Skip to main content

Teleworking innovation peaked between 2020 and 2023. Today, it is deemed a workplace strategy widely practiced amongst employees with access to that option.  Research suggests that about 50% of the labor force can have access to this solution when agreed upon by management and supported by sound policies. Data about teleworking and the type of employers receptive to it have plateaued in 2023, allowing us to answer ongoing questions about remote work, while identifying some key lessons learnt.

Lesson #1: Work flexibility yields positive results.

The 2023 Gallup survey revealed 52% of the employees are on a hybrid schedule (some days on site), 29% exclusively remote (five days per week), and only 22% on site every day. Flexible work schedules yield positive results for both employers and employees. Studies show, for employers the top three benefits are reduced burn-out, improved retention and greater productivity.  The top three employee benefits are work/life improvements, greater efficiency in time management, and less burn-out.

Lesson #2:  Telework programs by size and industry type

Despite the portrayal of a “return to work mandate,” many employers are successfully implementing and continuing to offer this great flexibility. Based on research from SCOOP, the largest group of employers that allow for teleworking are under 500 in size.  The following chart depicts the employer size by offering of teleworking.

According to the 2018 Census, 46% of Americans worked for employers with less than 500 employees.  The chart shows how the level of formality increases with the size of employer.  The larger the employer size the more likely it is to ask employees to report to work a certain number of days and the actual day of the week.  Most of the employees reported working on site on a Tuesday, Wednesday, or Thursday.  Fridays are regarded as a “ghost-town” in most organizations.  The larger organizations have a more complex structure and decision-making process. Overall middle-management tend to be more supportive of teleworking than upper management.  The ladder for decision making in smaller organizations is also shorter.

Lesson #3: Office Occupancy Data Causes a Headache for developers and property-owners

Weekly data from Kastle, shows that office occupancy levels in the U.S. are at an average of 50% for 2023. This has caused much trepidation for building owners and developers.  The lowest occupancy levels are experienced in the San Francisco and New York markets, while Dallas and Austin are around 60%. Some offices are redesigning their square footage for more work use or for conversational space.  Some offices have managed to renegotiate their leases for both office and parking costs.  A few developments have started an “adaptive us process” meaning that they are changing the usage of space from office to residential or retail. This can be expensive and, in some cases, not even possible.

Lesson #4: The stricter return to work policies is found in technology and larger firms

While a large number of people are still teleworking, some companies have implemented a strict “return to work” mandate, according to media channels. Many of those companies were technology firms that grew their employee population or department during the pandemic and laid them off after the pandemic.  According to SCOOP, the top five labor categories most amenable for teleworking are the technology, professional services, media and entertainment, financial services, and insurance sectors.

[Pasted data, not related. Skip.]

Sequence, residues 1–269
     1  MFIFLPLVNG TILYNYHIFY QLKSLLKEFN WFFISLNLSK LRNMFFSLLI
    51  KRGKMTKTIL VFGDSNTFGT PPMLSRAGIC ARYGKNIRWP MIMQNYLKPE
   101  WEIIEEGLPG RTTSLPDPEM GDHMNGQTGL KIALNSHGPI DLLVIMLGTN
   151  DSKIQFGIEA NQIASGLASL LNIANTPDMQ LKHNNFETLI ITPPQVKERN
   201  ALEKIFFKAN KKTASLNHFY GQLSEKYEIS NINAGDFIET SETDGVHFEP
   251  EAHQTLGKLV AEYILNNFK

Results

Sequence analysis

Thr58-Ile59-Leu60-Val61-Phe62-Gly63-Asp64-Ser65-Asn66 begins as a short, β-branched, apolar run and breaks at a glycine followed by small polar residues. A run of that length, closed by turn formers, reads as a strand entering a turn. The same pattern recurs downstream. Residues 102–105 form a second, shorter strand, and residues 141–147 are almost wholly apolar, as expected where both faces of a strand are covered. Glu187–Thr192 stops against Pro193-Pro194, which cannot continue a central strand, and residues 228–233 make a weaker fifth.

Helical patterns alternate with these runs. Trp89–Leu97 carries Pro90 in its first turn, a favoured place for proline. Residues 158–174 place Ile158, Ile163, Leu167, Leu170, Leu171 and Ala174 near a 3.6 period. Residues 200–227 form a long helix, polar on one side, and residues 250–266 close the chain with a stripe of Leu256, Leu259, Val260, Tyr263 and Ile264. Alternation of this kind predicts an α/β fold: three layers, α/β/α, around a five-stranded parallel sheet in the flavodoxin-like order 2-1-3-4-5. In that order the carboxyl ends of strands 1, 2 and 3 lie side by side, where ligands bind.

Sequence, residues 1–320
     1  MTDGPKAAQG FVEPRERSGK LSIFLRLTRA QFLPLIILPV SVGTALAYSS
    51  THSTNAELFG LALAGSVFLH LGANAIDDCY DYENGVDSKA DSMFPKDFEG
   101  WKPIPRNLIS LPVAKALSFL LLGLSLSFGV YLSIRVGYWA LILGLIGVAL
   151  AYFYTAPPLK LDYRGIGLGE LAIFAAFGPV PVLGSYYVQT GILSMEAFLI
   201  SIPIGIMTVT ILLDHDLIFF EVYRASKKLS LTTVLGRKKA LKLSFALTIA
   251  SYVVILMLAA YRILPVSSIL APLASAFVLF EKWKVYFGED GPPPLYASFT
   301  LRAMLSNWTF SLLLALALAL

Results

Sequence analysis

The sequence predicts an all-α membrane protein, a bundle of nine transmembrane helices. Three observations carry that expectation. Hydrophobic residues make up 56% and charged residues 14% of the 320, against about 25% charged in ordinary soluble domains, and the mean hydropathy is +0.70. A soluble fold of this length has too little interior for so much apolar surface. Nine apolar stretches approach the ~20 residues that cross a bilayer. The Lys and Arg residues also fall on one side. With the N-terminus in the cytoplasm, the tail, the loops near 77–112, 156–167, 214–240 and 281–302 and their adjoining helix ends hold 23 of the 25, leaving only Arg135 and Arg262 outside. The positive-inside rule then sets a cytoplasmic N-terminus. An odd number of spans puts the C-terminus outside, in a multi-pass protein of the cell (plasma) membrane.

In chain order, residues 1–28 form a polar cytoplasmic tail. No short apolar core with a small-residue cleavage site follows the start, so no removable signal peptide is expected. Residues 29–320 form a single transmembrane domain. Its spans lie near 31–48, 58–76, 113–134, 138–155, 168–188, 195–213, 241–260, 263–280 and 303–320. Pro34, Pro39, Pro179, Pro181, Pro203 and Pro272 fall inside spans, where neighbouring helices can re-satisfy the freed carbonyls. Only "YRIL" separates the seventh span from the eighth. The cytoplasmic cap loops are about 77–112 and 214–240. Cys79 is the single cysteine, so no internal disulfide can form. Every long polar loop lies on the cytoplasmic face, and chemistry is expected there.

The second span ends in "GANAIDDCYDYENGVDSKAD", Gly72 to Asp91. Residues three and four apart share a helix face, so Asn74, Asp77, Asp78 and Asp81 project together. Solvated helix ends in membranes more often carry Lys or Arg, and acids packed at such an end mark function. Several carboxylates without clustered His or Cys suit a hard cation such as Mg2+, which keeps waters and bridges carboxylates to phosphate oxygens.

Lesson #5: Apply new policies and program for the hybrid and remote workers

Given the flexibility today, employers should focus on strengthening the telework related tools.  All employers need a policy for remote employees to make sure that their rights are preserved. There are many legalities established around teleworking that need to be observed, such as worker’s compensation, hours of work, reporting of sick days, etc.  The policy also should include rules regarding equipment, connectivity, and key performance indicators (KPI).

Lesson #6: Coordination is essential

The most successful programs also make time for team meetings and collaboration.  The most favored arrangements for days on versus days off site are decided upon by teams.  Managers also need to lead the changes in collaboration by having weekly or bi-weekly meetings individually and/or on a team basis with their employees. Programs need to be customized by a company’s culture, organization, management and employees, and training.   It is important that employees and managers get the necessary training to be successful. The number one question that always come up about teleworking is “are the employees productive?” Questions about measuring productivity in-site and off- site have always puzzled organizations that monitor productivity by presence rather than by objectives. The support for hybrid work seems to be there as reflected by the lower office occupancy levels and the levels of hybrid programs.  Employers need to fine tune their productivity indicators and resolve problems that arise because of teleworking.

The Georgia Commute Options Program offers a FlexWork team that can make teleworking “work” for your environment.  There are tools such as policy, agreement, workplace safety checklists, training modules, evaluation technics that can be provided and tailored for your specific organization.  Please contact us at


Leave a Reply